Platformer Drop Shadow | Blueprint Documentation

Thanks for checking out my Platformer Drop Shadow asset. This page contains a breakdown of the Blueprint content and how you can configure the effect for best results in your own project.

There is a frequently asked questions section at the bottom of this page, but if you have any feedback, questions, or feature requests please don’t hesitate to reach out. I’d love to hear from you.


The logic for the Drop Shadow effect is stored in BP_DemoCharacter, a modified version of the character from the default Third-Person Template. This character is purely for demonstration purposes, intended to provide some context for how the system works and get you up and running.

The entire effect is nestled within three functions and creates its own components at runtime as necessary, so when you’re ready it shouldn’t be difficult to port it accross to your own characters.



Creates the necessary components and materials for the effect, intended to be fired once when the Drop Shadow is first activated. It will add a Decal Component, and if bUserRenderTexture is true it’ll also add a Scene Capture Component for the Render Texture.


Draws a user-defined number of line traces in a circle around the character, all shooting directly down. We use the information gathered from these traces to find the closest and furthest distance to the ground. This is used to define the size of the decal (among other things).

The reason we draw a circile of traces is to make sure that if the character is above the edge of an object, we draw the shadow on all applicable surfaces and not just the closest one.


UpdateDropShadow is meant to be fired regularly to update the effect. It uses the DrawDropShadowTraces function to set the scale and position of the decal component, as well as set the Decal’s material parameters based on the character’s distance from the ground.

You might notice that this function sets the height of the decal component to be taller than you might expect. This is because Unreal Engine decals start fading out in X before the decal actually ends, so we need to scale them up a little bit more to compensate.

If I could disable this feature, I would!


Float Curves

Curve_BlobShadowDensity_FloatDefines the density (softness) of the Blob Shadow based on distance from the ground
Curve_DropShadowBlur_FloatDefines the blurriness of the Drop Shadow based on distance from the ground

Other Useful Settings

bUseRenderTextureEnables the Drop Shadow effect (otherwise it will default to Blob Shadows)
RenderTextureResolutionThe resolution of the render texture (Drop Shadow only)
bDebugModeEnables debug visualization of the traces
OpacityThe maximum opacity of the shadow
ScaleThe horizontal scale of the decal component
OpacityMinimumDistanceThe distance at which we start lerping opacity
OpacityMaximumDistanceThe distance at which we stop lerping opacity
BlurAndDensityMinimumDistanceThe distance at which we start lerping blur/density values
BlurAndDensityMaximumDistanceThe distance at which we stop lerping blur/density values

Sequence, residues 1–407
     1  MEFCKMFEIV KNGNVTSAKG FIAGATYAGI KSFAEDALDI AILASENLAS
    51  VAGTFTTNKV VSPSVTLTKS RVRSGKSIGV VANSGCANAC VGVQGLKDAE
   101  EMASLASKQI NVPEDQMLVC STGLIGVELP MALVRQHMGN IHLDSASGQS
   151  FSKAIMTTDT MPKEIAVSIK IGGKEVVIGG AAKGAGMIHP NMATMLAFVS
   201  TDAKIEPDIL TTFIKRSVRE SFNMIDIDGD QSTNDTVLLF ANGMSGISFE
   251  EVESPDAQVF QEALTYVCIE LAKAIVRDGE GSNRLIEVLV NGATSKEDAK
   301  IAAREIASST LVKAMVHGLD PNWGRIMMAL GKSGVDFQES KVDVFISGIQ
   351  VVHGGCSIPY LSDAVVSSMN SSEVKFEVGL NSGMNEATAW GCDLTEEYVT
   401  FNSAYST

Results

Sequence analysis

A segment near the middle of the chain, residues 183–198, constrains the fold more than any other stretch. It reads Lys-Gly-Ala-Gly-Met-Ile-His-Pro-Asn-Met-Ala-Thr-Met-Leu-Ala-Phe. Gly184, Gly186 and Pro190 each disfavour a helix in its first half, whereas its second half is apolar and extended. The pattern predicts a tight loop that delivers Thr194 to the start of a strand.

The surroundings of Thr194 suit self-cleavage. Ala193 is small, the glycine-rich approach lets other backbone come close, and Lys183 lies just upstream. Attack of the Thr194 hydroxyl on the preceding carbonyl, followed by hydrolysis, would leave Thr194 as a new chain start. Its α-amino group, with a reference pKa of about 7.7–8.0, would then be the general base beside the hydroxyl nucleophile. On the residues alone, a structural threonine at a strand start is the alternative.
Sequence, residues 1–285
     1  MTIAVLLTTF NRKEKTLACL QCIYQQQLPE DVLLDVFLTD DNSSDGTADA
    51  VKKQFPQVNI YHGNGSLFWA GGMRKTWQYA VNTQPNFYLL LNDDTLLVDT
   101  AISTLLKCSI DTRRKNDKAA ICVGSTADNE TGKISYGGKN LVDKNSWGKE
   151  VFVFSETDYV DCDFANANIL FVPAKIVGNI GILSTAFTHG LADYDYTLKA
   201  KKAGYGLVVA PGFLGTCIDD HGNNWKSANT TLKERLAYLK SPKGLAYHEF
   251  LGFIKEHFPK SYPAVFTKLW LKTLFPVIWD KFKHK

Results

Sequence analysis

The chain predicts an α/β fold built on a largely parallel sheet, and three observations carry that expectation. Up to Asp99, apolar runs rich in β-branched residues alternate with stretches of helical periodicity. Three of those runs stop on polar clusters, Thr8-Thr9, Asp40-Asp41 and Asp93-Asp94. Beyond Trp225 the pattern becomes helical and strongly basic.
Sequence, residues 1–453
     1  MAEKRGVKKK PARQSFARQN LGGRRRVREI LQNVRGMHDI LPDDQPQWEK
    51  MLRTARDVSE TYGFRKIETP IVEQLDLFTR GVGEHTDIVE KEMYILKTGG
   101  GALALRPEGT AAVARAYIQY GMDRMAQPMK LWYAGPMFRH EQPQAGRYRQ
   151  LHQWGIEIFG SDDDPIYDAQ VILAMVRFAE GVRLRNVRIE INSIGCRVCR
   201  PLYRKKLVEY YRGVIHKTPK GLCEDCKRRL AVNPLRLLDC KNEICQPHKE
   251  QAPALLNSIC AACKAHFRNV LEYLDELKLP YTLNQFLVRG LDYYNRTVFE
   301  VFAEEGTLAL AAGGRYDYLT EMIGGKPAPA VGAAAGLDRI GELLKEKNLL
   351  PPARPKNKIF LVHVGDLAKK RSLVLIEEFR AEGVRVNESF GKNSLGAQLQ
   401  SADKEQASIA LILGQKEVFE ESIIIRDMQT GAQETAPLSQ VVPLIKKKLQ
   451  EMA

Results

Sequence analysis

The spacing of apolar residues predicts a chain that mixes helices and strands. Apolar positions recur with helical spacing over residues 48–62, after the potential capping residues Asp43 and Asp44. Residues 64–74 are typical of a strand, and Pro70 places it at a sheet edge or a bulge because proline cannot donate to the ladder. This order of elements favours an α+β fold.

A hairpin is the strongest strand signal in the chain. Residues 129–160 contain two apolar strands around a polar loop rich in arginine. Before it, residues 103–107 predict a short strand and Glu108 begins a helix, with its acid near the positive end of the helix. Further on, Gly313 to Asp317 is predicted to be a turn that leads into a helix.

FadeSpeedHow fast we interpolate the current distance value
NumberOfTracesHow many traces we use to calculate closest/furthest distance
TraceLengthThe length of the drop shadow traces

Frequently Asked Questions

Does this asset use lights to achieve the effect?

Nope! The effect is entirely material-driven, using a Decal to project a fake shadow onto the ground underneath your character.

Will this work in Unreal Engine 5?

Absolutely! You may need to change both decal material’s Blend Mode from AlphaComposite to Transparent for the Decal’s roughness value to not look strange.

Apart from that the system works as intended in Unreal Engine 5.

Does this asset have mobile support?

Yes and no. To get the effect working for mobile you’ll need to make a few changes:

Enable Mobile HDR in your project settings.
Change the decal material’s Decal Blend Mode from AlphaComposite to DBufferTranslucentColor.
Remove the Mask perpendicular surfaces part of the material as the DBuffer doesn’t support it.
Unfortunately I’ve not found a way to reproduce this feature while using DBuffer blend modes.
The result of these changes will make the effect work on mobile, but perpendicular pixels will not be culled so the shadow will still draw on vertical surfaces.

Is this project compatible with Lyra?

Yes, although I can’t guarantee it will work in every scenario. Lyra is a huge project with a lot going on, and I’ve not spent as much time as I’d like playing around with it.

Here are the steps I went through to get it to work:

Migrate the Drop Shadow files into your Lyra project
Port the relevant functions/variables from the Drop Shadow Character into the B_Manny and/or B_Quinn Lyra blueprints*
Replace any references to the Demo Character Capsule Component’s half height with the sphere radius bounds of the skeletal mesh. The below images show the places I added this value to get the Drop Shadow to behave.

Click any of the images to see a higher resolution version.

*In Lyra a B_Manny or B_Quinn child actor is created whenever a player spawn into a game. This was the best place I could find for the Drop Shadow logic to live. Unfortunately you won’t have access to their base class unless you’re willing to dive into some C++. If you’re looking at expanding this functionality further, I recommend making a component that can can be added to both.